Vespa, one of the early favourites for next month’s Makfi Challenge Stakes at Hastings, underwent an exhibition gallop between races at last Saturday’s Otaki race meeting and is coming up well according to his Otaki trainer Johno Benner.

   The Elusive City colt worked with stablemate Lumineer in the gallop and looked bright and was keen in his action.

   “He is coming along nicely and is right where we want him,” Benner said.

   Vespa was the winner of the Karaka Million (1200m) and Group 1 Diamond Stakes (1200m) at Ellerslie as a two-year-old. This season he was successful in the Group 2 Wellington Guineas (1400m) in January before taking out a Listed 1400-metre race at Awapuni and finishing second, beaten a head, in the Group 1 Easter Handicap (1600m) at Ellerslie. 


Johnson booked for Puccini

   Danielle Johnson has made an early commitment to ride Group One winner Puccini in next month's Makfi Challenge Stakes at Hastings.

   The Cambridge jockey rode the Peter and Jacob McKay-trained Encosta de Lago stallion to win the Group 1 Thorndon Mile at Trentham earlier this year and was keen to continue her association this spring.

   Puccini is currently at $10 on the Futures market for the Makfi, which is likely to be his first start for the new season.

   "I had half planned to go to the Foxbridge Plate at Te Rapa on August 15 but the track probably won't be good enough for him, whereas Hastings is already a [dead] six, so we'll probably give him a gallop, maybe at Taupo, and then go straight into the Makfi fresh," McKay said.


Heading into new territory

   Lance O’Sullivan and Andrew Scott are preparing to go the extra distance with Whosyourmaster.

   The Matamata trainers will send the genuine sprinter beyond 1200 metres for the first time in his career in the Group1 Makfi Challenge Stakes at Hastings on August 29.

   Whosyourmaster will have a trial outing at Te Teko next Tuesday week before he resumes in the Group 2 Lisa Chittick Foxbridge Plate (1200m) at Te Rapa, a fortnight before the opening of the Bostock New Zealand Hawke’s Bay spring carnival. The Captain Rio gelding is unbeaten in three starts on the Hastings track and is at $21.00 on the Futures betting market for the Makfi.


Chasing Hastings riches

   The connections of class mare Pondarosa Miss are keen to see her in action on all three days of the Bostock New Zealand spring carnival at Hastings before heading to Melbourne.

   The rising five-year-old furthered her preparation for the Hawke’s Bay Triple Crown series with an exhibition gallop between races on her home track at Te Awamutu on Wednesday.

   “She won’t be having a trial anywhere and she will run first-up in the Foxbridge Plate before the Makfi,” said Darrel Hollinshead, who shares in the ownership of the mare with his father and Peter, who trains her.

   Pondarosa Miss is currently listed as a $12 chance for the Makfi (1400m), $10 for the Group 1 Windsor Park Plate (1600m) on the second day and is equal favourite with Kawi at $7 for the Group1 Livamol Classic (2040m) on the last day.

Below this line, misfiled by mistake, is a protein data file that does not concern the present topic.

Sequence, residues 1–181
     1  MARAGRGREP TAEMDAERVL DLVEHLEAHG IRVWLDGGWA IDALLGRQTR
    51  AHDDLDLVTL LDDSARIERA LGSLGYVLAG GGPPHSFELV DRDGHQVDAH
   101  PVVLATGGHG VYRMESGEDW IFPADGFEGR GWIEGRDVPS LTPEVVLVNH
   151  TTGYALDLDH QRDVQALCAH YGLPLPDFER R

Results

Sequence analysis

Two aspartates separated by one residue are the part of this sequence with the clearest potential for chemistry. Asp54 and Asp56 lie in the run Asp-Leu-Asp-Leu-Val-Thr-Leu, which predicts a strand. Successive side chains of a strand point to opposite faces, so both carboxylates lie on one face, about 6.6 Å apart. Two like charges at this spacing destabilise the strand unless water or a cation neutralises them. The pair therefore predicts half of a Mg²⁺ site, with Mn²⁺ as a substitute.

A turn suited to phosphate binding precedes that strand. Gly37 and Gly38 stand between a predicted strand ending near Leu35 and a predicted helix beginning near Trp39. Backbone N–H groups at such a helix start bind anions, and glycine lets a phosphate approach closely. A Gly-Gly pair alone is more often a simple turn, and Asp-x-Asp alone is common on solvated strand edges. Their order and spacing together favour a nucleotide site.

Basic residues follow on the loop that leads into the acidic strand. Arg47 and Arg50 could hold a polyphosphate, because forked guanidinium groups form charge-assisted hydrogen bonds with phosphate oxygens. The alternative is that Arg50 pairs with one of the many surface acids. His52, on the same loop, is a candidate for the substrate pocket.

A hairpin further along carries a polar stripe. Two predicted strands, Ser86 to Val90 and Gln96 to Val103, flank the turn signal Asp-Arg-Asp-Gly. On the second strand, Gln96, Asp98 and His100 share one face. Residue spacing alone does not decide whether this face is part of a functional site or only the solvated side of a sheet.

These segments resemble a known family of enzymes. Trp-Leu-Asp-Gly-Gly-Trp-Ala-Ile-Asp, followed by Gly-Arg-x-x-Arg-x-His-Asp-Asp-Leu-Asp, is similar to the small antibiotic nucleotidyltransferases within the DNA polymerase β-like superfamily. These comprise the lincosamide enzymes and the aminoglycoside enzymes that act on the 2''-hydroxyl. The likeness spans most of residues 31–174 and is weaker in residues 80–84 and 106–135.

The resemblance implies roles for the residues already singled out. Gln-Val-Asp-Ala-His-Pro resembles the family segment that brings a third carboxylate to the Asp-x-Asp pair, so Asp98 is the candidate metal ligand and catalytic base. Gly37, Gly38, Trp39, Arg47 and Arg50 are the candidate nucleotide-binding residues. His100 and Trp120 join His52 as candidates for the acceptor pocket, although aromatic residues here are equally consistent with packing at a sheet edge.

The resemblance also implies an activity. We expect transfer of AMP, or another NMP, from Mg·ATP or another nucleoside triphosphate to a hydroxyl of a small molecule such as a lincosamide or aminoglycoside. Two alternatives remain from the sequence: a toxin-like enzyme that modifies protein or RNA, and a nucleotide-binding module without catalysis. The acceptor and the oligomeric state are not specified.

“At this stage our plan is to leave her here until after the Livamol and then have one run in Australia before the Melbourne Cup.

   “We’ll be nominating her for both the Moonee Valley Cup and the Cox Plate and see how she’s going closer to the time.”

   Proven at 3200 metres with a third placing in the Group 1 Auckland Cup, Pondarosa Miss showed her versatility six weeks later by winning the Group1 Easter Handicap at 1600 metres.

   “In theory she should be twice the horse in the spring after all the problems she had last time in with a virus,” Hollinshead said. “She spelled particularly well after that and put on about 20 kilos.”


New steeplechase date

   The Australian Grand National Steeplechase in Australia has been rescheduled to be run at Ballarat on August 9.

   Leading New Zealand jumper Sea King, bred and part-owned by Central Hawke’s Bay woman Sue Harty, was to have renewed his rivalry with Bashboy in the event last weekend. But a new date had to be found after heavy rain forced the meeting to be abandoned.

   Sea King has transferred from Kevin Myers’ care to Paddy Payne’s Victorian stable for his Melbourne campaign and he finished runner-up to Bashboy the last time they met in the Crisp Steeplechase.


HB man gets Auckland post

   The Auckland Racing Club has appointed Hastings-born Craig Baker to the role of Executive GM of Racing and Operations.

   Baker has had vast experience in racing administration over a long period of time and has worked for New Zealand Thoroughbred Racing and, more recently, has been Operations Manager for Westbury Stud.

   Cameron George CEO of the ARC says: “We are delighted to have been able to secure Craig, who demonstrates extensive racing experience in the NZ industry. He also brings to the business a vast array of administrative skills which will have long term benefits for the ARC.

   With Andrew “Butch” Castles moving on it was always going to be hard to fill the racing knowledge and other attributes he possesses but with Craig coming into the role he certainly brings the appropriate experience and skills to help bridge that gap.”

   Baker commences his duties with the ARC on August 24.


Stakes winner now with Pike

   Talented mare Lady Le Fay, part-owned by Havelock North’s Dan D’Esposito, has joined the Cambridge stable of Tony Pike.

   Formerly with Paul Shailer, the four-year-old has won five of her 12 starts and hasn’t raced since she beat Thorn Prince and Taurus in the Listed Anzac 1600 at Awapuni in the autumn.